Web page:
The US Navy has taken delivery of the USS Zumwalt, its first full-electric power and propulsion ship. GE’s Power Conversion business (NYSE:GE) was the designer and provider for the high-voltage system (HV), propulsion drive trains consisting of multiphase converters and Advanced Induction Motors (AIM) for the DDG 1000 class of futuristic destroyers.
“Delivery is an important milestone for the Navy, as the DDG 1000 continues more advanced at-sea testing of the Zumwalt Combat System,” Capt. Kevin Smith, DDG 1000 program manager, said in a Navy statement -”The combat test team, consisting of the DDG 1000 sailors, Raytheon engineers, and Navy field activity teams, have worked diligently to get USS Zumwalt ready for more complex, multi-mission at-sea testing.”
With delivery, the USS Zumwalt continues to execute missions for the US Navy.
Power where it’s needed
For navies around the globe, power and energy are mission enablers, according to Kevin Byrne, who leads the North American marine segment for GE’s Power Conversion business. “Because electric power is needed for various operations and mission systems in parallel, this full-electric power and propulsion ship has the flexibility to direct energy where it is needed on the platform,” he said.
The electric propulsion solution delivers efficiency, cost-of-ownership reductions, and system redundancy for enhanced vessel safety. In addition, machinery layout is more flexible and configurable for containment and isolation.
Employing GE’s innovative and Integrated Power System (IPS), the DDG 1000 has the capacity to distribute electricity across the entire ship, allowing for enhanced power flexibility for various operational requirements.
Both of GE’s drive trains have two electric motors in tandem. VDM25000 power converters with three independent channels accompany the 15-phase AIM. Each motor drive train can operate on 5, 10, or 15 phases. This provides high redundancy and is more economical when running at lower power. GE’s AIM drive train was selected to meet the requirements of the ZUMWALT Class Destroyer.
Compact enough for combatant ships and powerful enough for an aircraft carrier, AIM technology has demonstrated its performance over more than two decades on land and at sea for mechanical strength, robustness, very low maintenance, and naval performance requirements. For the full-electric propulsion system, GE leveraged its proven technologies, building from the Naval Surface Warfare Center (NSWC) land-based test site and its own Marine Power Test Facility in the UK, alongside the UK Royal Navy Type 45 program, Byrne explained. “The US Navy gets benefits from our other platforms that we then could apply to the DDG 1000 and future platforms.”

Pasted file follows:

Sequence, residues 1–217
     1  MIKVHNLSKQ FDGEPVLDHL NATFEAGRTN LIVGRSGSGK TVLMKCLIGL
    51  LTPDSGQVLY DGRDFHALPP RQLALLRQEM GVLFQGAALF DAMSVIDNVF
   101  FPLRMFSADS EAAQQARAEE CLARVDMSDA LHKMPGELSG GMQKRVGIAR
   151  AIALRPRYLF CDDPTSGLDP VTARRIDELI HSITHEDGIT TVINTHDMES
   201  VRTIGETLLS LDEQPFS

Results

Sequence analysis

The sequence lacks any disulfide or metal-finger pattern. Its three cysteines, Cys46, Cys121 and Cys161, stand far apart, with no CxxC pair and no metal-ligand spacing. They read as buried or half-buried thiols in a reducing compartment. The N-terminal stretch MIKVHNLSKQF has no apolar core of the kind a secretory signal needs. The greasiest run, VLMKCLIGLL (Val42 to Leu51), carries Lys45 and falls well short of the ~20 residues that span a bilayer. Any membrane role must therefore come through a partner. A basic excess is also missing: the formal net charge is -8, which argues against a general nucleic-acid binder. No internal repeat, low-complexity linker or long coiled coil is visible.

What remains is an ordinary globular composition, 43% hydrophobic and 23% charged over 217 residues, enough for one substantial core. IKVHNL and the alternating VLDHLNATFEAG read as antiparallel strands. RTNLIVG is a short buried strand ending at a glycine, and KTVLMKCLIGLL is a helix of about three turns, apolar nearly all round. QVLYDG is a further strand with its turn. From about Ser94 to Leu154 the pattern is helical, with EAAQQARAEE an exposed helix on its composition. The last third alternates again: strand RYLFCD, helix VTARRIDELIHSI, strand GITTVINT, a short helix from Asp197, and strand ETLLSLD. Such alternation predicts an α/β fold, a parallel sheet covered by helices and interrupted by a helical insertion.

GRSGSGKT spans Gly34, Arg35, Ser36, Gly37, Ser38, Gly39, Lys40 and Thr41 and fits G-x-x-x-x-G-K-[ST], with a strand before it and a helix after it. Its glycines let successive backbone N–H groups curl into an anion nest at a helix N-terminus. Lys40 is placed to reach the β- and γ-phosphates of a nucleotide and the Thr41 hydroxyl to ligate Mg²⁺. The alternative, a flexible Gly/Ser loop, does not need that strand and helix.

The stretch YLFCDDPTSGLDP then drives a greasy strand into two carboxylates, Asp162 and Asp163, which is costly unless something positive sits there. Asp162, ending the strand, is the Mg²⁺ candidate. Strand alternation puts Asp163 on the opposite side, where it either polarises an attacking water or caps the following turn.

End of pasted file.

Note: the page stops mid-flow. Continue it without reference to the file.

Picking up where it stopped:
With 72 MW of propulsion power, GE’s Integrated Full Electric Propulsion (IFEP) system comprises all shipboard electrical power generation and propulsion including the propulsion motor, VDM25000 variable speed drives, switchboards, and HV equipment. Offering improved efficiency, the electric drive eliminates the need for the drive shaft and reduction gears and brings benefits in acoustic signature reduction, an increase in available power for operational requirements and improvements in the quality of life for crew. The all-electric propulsion of Zumwalt also generates additional reserved power, allowing the integration of future high-energy defense systems and sensors.
A history of innovation marks GE’s latest milestone
Recognizing that navies were demanding more energy amidst space constraints, GE has been developing its full-electric propulsion system for decades, Byrne said. With more than 100 electric and hybrid references with 15 navies globally, GE is the top electric propulsion provider to navies around the world.
Since 2007, GE has been the Original Equipment Manufacturer (OEM) for HV system, installation, commissioning and servicing for the US Navy’s three DDG 1000 class vessels. In addition to the USS Zumwalt, the USS Michael Monsoor (DDG 1001) is also homeported in San Diego and is undergoing combat systems activation. The third and final ship of the class, the future USS Lyndon B. Johnson (DDG 1002), is under construction at Bath Iron Works in Maine.